Ah, this is nice! We even colored data points by the party. MDS beautifully shows the coalition (blue dots) and the opposition (all other colors). Even parties are clustered together. But there are some outliers. Let us inspect Matej Tonin, who is quite far away from his orange group. Seems like he was missing at the last two sessions and did not vote. Hence his voting is treated differently.

Data Table is a handy tool for instant data inspection. It is always great to check, what is on the output of each widget.

 

It is always great to inspect discovered groups and outliers. This way an expert can interpret the clusters and also explain, what outliers mean. Sometimes it is simply a matter of data (missing values), but sometimes we could find shifting alliances. Perhaps an outlier could be an MP about to switch to another party.

The final workflow.

 

You can have fun with these data, too. Let us know if you discover something interesting!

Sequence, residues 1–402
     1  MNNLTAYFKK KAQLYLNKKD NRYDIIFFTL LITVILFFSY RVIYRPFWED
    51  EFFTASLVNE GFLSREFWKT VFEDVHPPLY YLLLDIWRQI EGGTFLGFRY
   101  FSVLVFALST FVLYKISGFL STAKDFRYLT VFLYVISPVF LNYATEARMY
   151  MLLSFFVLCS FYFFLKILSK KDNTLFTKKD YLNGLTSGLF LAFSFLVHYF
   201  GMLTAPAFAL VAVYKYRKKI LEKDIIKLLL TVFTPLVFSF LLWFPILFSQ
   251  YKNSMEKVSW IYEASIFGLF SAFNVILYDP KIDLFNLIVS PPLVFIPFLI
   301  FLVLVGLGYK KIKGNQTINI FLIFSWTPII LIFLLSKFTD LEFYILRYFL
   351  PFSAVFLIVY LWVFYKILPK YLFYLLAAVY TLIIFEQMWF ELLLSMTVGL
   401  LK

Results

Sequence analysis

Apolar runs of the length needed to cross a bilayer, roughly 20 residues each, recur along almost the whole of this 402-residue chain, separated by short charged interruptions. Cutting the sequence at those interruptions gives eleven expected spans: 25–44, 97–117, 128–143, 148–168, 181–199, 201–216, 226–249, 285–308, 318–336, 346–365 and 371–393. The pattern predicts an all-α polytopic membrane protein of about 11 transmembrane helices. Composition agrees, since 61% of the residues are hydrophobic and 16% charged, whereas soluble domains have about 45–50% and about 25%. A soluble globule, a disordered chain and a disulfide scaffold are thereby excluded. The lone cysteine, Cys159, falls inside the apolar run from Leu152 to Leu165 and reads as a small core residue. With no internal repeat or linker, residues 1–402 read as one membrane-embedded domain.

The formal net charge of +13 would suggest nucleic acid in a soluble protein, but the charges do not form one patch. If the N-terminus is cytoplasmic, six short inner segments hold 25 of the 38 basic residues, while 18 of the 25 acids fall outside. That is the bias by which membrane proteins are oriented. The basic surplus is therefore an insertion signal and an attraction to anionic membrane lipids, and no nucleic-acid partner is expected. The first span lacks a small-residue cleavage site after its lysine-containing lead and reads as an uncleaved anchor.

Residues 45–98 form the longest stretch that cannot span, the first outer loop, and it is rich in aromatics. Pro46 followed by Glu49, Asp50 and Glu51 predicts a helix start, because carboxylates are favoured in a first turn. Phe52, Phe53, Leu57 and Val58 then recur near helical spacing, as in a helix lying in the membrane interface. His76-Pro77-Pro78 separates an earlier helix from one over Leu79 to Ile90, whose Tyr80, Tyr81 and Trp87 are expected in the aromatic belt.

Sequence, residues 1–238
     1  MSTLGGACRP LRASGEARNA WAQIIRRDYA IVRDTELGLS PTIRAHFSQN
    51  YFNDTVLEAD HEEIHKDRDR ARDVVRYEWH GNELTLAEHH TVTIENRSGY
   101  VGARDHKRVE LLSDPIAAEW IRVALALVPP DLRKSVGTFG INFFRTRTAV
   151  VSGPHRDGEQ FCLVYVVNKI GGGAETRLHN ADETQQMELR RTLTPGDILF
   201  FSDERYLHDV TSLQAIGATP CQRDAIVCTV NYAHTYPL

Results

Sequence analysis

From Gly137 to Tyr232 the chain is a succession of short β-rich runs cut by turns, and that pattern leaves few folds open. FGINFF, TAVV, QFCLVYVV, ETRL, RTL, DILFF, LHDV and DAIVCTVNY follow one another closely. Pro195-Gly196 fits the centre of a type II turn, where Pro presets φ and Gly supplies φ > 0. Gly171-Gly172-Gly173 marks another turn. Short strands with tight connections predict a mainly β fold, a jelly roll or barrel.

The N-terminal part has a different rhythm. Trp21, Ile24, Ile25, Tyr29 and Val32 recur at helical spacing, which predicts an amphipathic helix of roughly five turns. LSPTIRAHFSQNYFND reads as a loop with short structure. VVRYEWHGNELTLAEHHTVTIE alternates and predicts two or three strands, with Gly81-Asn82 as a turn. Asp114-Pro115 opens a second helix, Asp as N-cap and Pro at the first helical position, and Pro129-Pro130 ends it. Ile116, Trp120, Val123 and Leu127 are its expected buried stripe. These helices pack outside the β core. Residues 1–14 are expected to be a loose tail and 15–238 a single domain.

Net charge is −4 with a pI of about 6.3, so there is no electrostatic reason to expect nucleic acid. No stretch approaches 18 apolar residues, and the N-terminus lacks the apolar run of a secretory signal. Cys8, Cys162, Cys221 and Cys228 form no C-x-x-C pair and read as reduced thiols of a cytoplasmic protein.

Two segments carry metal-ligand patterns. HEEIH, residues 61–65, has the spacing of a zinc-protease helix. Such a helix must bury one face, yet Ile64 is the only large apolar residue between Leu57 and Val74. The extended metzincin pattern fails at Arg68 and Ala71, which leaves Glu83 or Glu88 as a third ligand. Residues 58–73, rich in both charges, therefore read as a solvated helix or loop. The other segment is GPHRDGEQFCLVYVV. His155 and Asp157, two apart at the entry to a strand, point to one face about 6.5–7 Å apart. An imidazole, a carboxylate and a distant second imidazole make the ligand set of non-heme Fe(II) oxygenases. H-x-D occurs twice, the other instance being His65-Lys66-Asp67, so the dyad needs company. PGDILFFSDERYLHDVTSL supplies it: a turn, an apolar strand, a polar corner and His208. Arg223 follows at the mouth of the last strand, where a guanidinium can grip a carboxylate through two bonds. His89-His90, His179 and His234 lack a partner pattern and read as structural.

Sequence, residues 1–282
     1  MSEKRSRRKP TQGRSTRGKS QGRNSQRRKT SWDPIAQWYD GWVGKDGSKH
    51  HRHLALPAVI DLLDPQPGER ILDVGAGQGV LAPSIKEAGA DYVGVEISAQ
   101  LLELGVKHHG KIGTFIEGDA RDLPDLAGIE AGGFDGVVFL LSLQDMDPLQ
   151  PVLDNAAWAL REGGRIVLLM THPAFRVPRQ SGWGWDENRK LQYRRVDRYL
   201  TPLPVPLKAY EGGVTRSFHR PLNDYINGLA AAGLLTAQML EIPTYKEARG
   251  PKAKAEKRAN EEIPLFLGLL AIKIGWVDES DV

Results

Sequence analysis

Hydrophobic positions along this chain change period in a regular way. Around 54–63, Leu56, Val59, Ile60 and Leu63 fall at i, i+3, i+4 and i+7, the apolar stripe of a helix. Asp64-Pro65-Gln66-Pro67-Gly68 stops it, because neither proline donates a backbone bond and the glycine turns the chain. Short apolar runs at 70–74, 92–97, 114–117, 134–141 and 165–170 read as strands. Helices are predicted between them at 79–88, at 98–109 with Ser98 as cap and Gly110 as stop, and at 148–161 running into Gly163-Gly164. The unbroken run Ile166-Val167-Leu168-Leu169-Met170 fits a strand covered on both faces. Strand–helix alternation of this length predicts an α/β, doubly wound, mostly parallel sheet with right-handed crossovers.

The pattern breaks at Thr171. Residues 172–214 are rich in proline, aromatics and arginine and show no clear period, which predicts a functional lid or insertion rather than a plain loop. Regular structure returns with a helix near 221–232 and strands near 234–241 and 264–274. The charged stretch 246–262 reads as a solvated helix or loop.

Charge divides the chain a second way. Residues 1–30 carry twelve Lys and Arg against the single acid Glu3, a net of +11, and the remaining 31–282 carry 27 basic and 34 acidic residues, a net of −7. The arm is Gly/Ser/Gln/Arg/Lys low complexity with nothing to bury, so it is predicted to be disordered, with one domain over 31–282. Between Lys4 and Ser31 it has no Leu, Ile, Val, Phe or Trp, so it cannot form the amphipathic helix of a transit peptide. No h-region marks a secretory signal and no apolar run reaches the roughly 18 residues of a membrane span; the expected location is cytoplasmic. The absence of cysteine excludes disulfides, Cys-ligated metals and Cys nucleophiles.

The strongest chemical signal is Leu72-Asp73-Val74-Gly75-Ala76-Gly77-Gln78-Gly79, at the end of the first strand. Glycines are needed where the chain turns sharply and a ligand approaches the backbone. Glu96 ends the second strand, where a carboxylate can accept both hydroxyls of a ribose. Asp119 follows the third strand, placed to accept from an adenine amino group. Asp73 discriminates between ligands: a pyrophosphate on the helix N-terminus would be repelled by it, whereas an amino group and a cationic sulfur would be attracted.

Dimensionality Reduction by Manifold Learning

The new Orange release (v. 3.3.9) welcomed a few wonderful additions to its widget family, including Manifold Learning widget. The widget reduces the dimensionality of the high-dimensional data and is thus wonderful in combination with visualization widgets.

manifold-learning
Manifold Learning widget has a simple interface with powerful features.

 

Manifold Learning widget offers five embedding techniques based on scikit-learn library: t-SNE, MDS, Isomap, Locally Linear Embedding and Spectral Embedding. They each handle the mapping differently and also have a specific set of parameters.

Related: Principal Component Analysis (video)

For example, a popular t-SNE requires only a metric (e.g. cosine distance). In the demonstration of this widget, we output 2 components, since they are the easiest to visualize and make sense of.

First, let’s load the data and open it in Scatter Plot. Not a very informative visualization, right? The dots from an unrecognizable square in 2D.

sp-normal
S-curve data in Scatter Plot. Data points form an uninformative square.

 

Let’s use embeddings to make things a bit more informative. This is how the data looks like with a t-SNE embedding. The data is starting to have a shape and the data points colored according to regression class reveal a beautiful gradient.

manifold-t-sne
t-SNE embedding shows an S shape of the data.

 

Ok, how about MDS? This is beyond our expectations!

sp-mds